The purpose of this project is to design a set of logic circuit families using discrete transistors. I started with the idea of building a CPU or computer out of discrete components and searched the Internet for classic logic designs using Diode Transistor Logic. In my explorations I found a treasure-trove of information at and discovered documentation for the logic families used by IBM from the mid 1950s to the early 1970s, IBMs Standard Module System (SMS) boards and Solid Logic Technology (SLT) modules.

I was impressed with the simplicity of IBM’s Current Mode logic which is basically Emitter Coupled logic without emitter followers but there are a couple of issues with directly emulating these designs. First of all the IBM circuits were built using germanium transistors which are expensive and hard to find. So all of the voltage levels have to be recalculated to accommodate silicon. The second problem is that the input voltage levels to a current mode switch are not the same as the output levels. Modern ECL circuits use emitter followers to shift the output level to the required input levels. The IBM circuits didn’t use emitter followers but used complementary transistors, PNP based gates had to be followed by NPN transistor gates and vice versa. The problem is that even in silicon, high performance PNP RF transistors are becoming scarce so I’m using emitter followers. Using a mixture of old and new design approaches, I am starting out with an ECL logic family. My goal is to build a subsystem with enough complexity to explore system-level issues such as circuit board design, backplane design, and power distribution issues.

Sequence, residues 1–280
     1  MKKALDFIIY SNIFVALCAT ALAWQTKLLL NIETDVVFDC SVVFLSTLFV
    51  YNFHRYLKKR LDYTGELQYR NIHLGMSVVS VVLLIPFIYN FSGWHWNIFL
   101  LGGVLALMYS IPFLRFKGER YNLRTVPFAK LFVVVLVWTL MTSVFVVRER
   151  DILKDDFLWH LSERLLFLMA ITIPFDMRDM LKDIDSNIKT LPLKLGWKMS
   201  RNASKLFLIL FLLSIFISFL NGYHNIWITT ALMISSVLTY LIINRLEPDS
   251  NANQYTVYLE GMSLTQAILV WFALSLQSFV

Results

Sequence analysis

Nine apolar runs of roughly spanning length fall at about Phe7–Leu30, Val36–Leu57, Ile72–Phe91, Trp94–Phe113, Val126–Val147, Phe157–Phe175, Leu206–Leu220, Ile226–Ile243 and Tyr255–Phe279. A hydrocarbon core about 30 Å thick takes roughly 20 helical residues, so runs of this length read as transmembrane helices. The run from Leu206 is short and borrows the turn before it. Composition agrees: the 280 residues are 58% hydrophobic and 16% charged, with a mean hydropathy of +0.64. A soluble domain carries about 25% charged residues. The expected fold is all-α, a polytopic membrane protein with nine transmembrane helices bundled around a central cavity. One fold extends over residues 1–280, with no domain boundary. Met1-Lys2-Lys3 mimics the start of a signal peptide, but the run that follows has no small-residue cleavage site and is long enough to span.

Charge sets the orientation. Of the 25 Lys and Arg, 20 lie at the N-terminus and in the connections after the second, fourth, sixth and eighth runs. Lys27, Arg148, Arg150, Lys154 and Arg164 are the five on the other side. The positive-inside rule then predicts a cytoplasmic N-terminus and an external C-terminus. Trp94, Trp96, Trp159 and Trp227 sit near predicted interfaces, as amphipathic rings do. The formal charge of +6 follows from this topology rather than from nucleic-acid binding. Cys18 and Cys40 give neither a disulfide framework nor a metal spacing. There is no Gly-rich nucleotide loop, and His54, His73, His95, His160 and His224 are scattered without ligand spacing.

Initially breadboarded the circuits using the “dead bug” approach which is commonly used for RF breadboarding. In “dead bug” construction, the circuit is built on a copper-clad circuit board that makes up the ground plane. I’m running the circuits at 40 MHz since I only have a 100 MHz scope. Once the designs are solid at 40 MHz, I’ll explore other clocking options and test at 80 MHz or even 100 MHz.

I plan to start out by experimenting with the following circuits:
1.) Basic current switch / ECL inverter and ECL clock source.
2.) TTL/DTL to ECL interface. This will allow me to build some test equipment and eventually interface to my own DTL logic. 
3.) Simple test fixture for logic testing.
4.) OR/NOR gate.
5.) Cascode or series logic AND/NAND gates and XOR/XNOR gate. Series logic is also used to clock flip-flops.
6.) JK Flip-Flop